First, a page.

Pearce left nothing to chance. One state committeeman I know told me he had received a robo-call on Pearce's behalf, an unusual expense in a race for an unpaid, second-fiddle slot.
The former Senator worked the crowd throughout the day, and when he took the stage to speak, he was joined by a lineup of noted backers, including Sheriff Joe Arpaio, Congressman Trent Franks, Maricopa County GOP Chair Rob Haney, and state Senators Andy Biggs, Ron Gould and Sylvia Allen.
Pearce spoke briefly, a rah-rah address wherein he touted his passage of Arizona's breathing-while-brown law Senate Bill 1070 and condemned the federal government both for suing the state over the statute and for going after Arpaio.
"This state is the battleground for what's right with A
Others then spoke on his behalf. Franks mentioned Pearce's recent recall loss, and framed the First Vice Chair race as a Pearce comeback effort.
"Today, by the grace of God, it's our chance to see that [Pearce] rises to fight again," he said.
Biggs called Pearce "a true American and Arizona hero," but Haney topped both Biggs' and Franks' blandishments.
"When you and I are gone, if anybody's profile is carved into Camelback Mountain, it'll be Russell Pearce's," he told the crowd.
"The Latino community needs Russell Pearce," he declared. "Needs Sheriff Joe. [And needs] the Republican party to get behind them, damnit, and get these illegals the hell out of here!"
The crowd roared its approval.
Prior to the Pearce cult taking its turn on stage, Ortiz-Parsons made a passionate appeal to remain as First Vice Chair.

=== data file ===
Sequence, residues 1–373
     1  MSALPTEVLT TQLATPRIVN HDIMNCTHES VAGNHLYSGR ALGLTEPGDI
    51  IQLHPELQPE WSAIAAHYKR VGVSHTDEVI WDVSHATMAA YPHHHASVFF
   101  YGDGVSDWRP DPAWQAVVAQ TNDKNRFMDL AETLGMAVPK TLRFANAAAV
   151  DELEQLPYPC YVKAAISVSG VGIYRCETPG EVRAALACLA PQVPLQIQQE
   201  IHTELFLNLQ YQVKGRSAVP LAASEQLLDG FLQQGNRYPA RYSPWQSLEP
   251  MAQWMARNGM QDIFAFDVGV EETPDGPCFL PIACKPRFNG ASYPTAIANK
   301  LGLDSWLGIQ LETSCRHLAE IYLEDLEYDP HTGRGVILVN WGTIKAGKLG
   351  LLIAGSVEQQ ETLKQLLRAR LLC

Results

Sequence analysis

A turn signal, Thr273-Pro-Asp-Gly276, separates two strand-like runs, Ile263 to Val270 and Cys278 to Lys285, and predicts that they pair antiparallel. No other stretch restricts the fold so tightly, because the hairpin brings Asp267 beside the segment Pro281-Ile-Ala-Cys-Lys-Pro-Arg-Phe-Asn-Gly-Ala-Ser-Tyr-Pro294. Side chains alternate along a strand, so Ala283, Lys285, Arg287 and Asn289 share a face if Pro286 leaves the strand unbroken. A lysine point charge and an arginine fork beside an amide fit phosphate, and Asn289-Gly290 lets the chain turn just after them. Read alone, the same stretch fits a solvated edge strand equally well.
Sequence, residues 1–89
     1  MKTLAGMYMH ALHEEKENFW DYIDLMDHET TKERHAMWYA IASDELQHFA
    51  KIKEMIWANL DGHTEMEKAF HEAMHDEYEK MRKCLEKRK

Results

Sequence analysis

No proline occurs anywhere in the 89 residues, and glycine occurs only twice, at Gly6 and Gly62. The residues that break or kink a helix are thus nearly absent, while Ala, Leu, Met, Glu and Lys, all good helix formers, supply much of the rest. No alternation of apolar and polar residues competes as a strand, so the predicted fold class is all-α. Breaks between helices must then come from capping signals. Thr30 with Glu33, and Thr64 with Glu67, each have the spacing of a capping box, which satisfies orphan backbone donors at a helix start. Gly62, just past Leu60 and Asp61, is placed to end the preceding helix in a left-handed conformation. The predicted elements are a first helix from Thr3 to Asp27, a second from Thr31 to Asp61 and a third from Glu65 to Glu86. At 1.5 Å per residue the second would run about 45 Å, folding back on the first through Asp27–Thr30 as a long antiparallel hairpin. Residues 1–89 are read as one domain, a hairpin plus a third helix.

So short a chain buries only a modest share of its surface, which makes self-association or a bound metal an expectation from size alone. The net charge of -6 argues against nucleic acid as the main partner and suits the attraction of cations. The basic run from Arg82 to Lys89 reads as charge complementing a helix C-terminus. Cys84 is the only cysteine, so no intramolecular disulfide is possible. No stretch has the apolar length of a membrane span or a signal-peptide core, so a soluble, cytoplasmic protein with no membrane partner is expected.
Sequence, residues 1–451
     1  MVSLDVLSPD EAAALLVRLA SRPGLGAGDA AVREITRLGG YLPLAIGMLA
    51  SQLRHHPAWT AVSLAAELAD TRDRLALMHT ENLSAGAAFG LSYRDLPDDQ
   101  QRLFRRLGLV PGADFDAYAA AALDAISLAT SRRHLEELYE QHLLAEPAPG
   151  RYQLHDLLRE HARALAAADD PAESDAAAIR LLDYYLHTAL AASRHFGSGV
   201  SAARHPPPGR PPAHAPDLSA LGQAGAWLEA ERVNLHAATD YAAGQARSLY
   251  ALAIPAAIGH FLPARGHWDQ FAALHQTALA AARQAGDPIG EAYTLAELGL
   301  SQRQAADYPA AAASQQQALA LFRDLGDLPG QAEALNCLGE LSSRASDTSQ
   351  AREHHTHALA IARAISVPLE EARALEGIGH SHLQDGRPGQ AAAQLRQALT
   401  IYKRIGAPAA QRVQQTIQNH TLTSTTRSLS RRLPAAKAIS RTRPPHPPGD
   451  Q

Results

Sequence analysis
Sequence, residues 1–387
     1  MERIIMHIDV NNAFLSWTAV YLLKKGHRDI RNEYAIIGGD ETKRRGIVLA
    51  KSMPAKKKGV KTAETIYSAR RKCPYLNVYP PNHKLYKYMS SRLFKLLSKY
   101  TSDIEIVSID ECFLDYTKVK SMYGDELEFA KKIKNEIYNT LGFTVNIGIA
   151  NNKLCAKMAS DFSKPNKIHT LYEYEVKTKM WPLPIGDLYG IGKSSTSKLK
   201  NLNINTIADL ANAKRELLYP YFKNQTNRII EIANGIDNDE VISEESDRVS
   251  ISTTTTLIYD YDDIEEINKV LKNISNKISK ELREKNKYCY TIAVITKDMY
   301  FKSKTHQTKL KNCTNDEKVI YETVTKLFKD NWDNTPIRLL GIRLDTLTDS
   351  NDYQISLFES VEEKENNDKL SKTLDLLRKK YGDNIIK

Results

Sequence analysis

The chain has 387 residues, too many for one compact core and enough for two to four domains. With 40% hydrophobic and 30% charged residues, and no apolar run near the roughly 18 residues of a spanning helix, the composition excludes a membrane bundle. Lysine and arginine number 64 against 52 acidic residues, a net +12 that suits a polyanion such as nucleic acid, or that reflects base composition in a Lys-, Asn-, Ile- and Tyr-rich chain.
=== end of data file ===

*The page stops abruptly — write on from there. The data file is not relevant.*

She said she wanted to keep Arizona a red state, and claimed that Democratic Congresswoman Nancy Pelosi's daughter was in-state forming "cells" to infiltrate Arizona Tea Parties.
Ortiz-Parsons touted her record as First Vice Chair, and the shoe-leather and elbow grease she'd expended while working for Republican candidates.
She boasted that she'd been an elected precinct committee person for nearly 20 years and in 2011 was given an award for being the state GOP's most valuable volunteer.
"Russell, you don't have to worry about my family," she said in a dig at Pearce, who was sitting before her. "In the 1700s my family sold the land for the first presidio. And like them, I too believe in border security."
Her supporters stood behind her as well, though none spoke. Dan Grimm, who was deeply involved in Olivia Cortes's sham candidacy during the recall election, was one of them.
There was also an African-American gentleman standing behind Ortiz-Parsons, as she claimed the GOP was an inclusive institution.
"For as diverse as this group is up here...that's how diverse
Since Ortiz-Parsons and this man were two of the few minorities present, she may have had a point, though probably not the one she intended.